ORIGINAL ARTICLE http://www.newstatesman.com/world-affairs/2015/01/slavoj-i-ek-charlie-hebdo-massacre-are-worst-really-full-passionate-intensity

 

Advertisements
 My new art and philosophy project for 2015 will incorporate the Aesthetics of Resistance and Creative Destruction.

CREATIVE DESTRUCTION

Creative destruction (German: schöpferische Zerstörung), sometimes known as Schumpeter’s gale, is a term in economics which has since the 1950s become most readily identified with the Austrian/American economist Joseph Schumpeter‘s theory of economics innovation and business cycle.

Creative destruction describes the;

“process of industrial mutation that incessantly revolutionizes the economic structure from within, incessantly destroying the old one, incessantly creating a new one.”

The German Marxist sociologist Werner Sombart has been credited with the first use of these terms in his work Krieg und Kapitalismus (“War and Capitalism”, 1913).

In the earlier work of Marx, however, the idea of creative destruction or annihilation (German: Vernichtung) implies not only that capitalism destroys and reconfigures previous economic orders, but also that it must ceaselessly devalue existing wealth (whether through war, dereliction, or regular and periodic economic crises) in order to clear the ground for the creation of new wealth.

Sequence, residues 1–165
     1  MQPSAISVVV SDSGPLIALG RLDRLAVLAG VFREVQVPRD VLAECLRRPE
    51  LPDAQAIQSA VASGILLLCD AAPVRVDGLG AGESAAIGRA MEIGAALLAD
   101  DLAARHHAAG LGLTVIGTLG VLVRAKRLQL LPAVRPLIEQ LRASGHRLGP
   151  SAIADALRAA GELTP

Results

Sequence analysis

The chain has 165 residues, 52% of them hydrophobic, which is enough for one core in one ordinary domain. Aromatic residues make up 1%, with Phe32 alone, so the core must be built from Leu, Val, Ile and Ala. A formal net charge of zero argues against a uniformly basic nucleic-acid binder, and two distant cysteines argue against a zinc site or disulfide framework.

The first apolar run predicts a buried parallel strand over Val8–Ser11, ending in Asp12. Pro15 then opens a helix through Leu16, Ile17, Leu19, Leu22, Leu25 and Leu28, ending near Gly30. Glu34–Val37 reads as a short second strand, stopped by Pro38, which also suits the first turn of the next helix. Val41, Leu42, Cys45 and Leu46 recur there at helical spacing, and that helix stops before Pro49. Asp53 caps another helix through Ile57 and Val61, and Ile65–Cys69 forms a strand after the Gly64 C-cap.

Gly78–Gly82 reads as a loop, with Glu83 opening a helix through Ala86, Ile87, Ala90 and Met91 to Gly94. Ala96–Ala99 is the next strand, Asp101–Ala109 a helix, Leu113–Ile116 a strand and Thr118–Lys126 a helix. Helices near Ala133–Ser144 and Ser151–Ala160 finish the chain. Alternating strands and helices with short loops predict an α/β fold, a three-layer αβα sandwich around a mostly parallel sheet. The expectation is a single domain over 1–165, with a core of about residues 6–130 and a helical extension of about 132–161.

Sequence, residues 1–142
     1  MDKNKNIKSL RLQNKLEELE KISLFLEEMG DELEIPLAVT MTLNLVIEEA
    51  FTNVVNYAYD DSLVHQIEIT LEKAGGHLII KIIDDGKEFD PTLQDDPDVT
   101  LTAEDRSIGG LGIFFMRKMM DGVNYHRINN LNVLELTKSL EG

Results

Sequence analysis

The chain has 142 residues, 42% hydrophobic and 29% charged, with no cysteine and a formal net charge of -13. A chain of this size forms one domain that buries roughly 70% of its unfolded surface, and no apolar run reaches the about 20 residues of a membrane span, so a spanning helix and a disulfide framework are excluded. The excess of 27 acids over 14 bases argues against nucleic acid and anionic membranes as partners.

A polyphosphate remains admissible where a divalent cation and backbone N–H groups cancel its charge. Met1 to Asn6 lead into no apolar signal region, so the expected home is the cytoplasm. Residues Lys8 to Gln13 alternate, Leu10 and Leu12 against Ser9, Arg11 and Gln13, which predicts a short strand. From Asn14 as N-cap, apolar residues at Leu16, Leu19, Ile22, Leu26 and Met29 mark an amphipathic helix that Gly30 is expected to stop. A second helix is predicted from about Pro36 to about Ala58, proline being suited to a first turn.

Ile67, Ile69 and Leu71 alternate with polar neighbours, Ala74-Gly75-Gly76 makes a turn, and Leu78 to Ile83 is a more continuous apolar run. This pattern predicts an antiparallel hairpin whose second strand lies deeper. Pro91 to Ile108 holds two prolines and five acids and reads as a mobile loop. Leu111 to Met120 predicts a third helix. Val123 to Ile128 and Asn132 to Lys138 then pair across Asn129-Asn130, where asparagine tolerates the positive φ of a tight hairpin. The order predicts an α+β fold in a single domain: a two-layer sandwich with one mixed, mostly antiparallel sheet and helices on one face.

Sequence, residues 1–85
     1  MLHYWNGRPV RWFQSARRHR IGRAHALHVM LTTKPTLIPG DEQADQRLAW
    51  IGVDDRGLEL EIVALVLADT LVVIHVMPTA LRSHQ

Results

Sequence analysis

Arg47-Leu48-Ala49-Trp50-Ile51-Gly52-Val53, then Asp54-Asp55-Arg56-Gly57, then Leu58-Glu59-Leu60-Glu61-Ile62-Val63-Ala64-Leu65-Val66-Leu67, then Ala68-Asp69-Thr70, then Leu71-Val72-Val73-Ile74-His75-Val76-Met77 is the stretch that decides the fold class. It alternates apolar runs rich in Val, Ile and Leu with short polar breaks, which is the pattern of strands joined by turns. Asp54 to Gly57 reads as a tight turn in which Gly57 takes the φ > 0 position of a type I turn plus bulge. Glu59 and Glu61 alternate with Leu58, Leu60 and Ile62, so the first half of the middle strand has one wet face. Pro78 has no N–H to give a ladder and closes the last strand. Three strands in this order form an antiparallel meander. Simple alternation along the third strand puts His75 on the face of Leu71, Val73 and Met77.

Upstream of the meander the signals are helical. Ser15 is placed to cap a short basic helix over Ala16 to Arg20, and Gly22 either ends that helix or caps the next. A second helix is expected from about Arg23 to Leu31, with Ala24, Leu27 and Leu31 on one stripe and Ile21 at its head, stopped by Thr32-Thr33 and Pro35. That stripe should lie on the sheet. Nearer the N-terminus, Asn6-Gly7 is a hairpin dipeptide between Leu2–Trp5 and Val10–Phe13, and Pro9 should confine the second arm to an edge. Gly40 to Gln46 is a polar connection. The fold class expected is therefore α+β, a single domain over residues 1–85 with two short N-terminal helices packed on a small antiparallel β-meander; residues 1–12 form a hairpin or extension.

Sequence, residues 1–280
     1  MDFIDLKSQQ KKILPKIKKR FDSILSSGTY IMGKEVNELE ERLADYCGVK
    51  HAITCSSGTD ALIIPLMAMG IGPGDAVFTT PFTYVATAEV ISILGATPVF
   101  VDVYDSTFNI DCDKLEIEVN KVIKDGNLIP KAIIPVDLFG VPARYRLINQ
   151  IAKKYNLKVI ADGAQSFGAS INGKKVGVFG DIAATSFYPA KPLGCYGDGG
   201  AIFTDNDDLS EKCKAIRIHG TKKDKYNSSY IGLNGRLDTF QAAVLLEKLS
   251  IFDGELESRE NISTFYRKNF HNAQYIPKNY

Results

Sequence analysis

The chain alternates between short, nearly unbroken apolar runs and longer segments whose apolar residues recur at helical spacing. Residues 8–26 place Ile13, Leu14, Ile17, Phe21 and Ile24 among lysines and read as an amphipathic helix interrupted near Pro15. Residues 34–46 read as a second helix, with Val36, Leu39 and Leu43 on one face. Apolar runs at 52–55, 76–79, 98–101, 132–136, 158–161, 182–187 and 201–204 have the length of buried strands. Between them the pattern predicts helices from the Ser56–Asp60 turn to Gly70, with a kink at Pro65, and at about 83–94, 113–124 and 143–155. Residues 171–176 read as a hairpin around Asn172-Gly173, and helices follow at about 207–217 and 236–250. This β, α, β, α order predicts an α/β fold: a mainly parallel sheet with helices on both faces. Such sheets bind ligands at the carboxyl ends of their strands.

In Capitalism, Socialism and Democracy (1942), Joseph Schumpeter developed the concept out of a careful reading of Marx’s thought (to which the whole of Part I of the book is devoted), arguing (in Part II) that the creative-destructive forces unleashed by capitalism would eventually lead to its demise as a system.
Despite this, the term subsequently gained popularity within free-market economics as a description of processes such as downsizing in order to increase the efficiency and dynamism of a company.

The Marxian usage has, however, been retained and further developed in the work of social scientists such as David Harvey, Marshall Berman, and Manuel Castells.

In Marx’s thought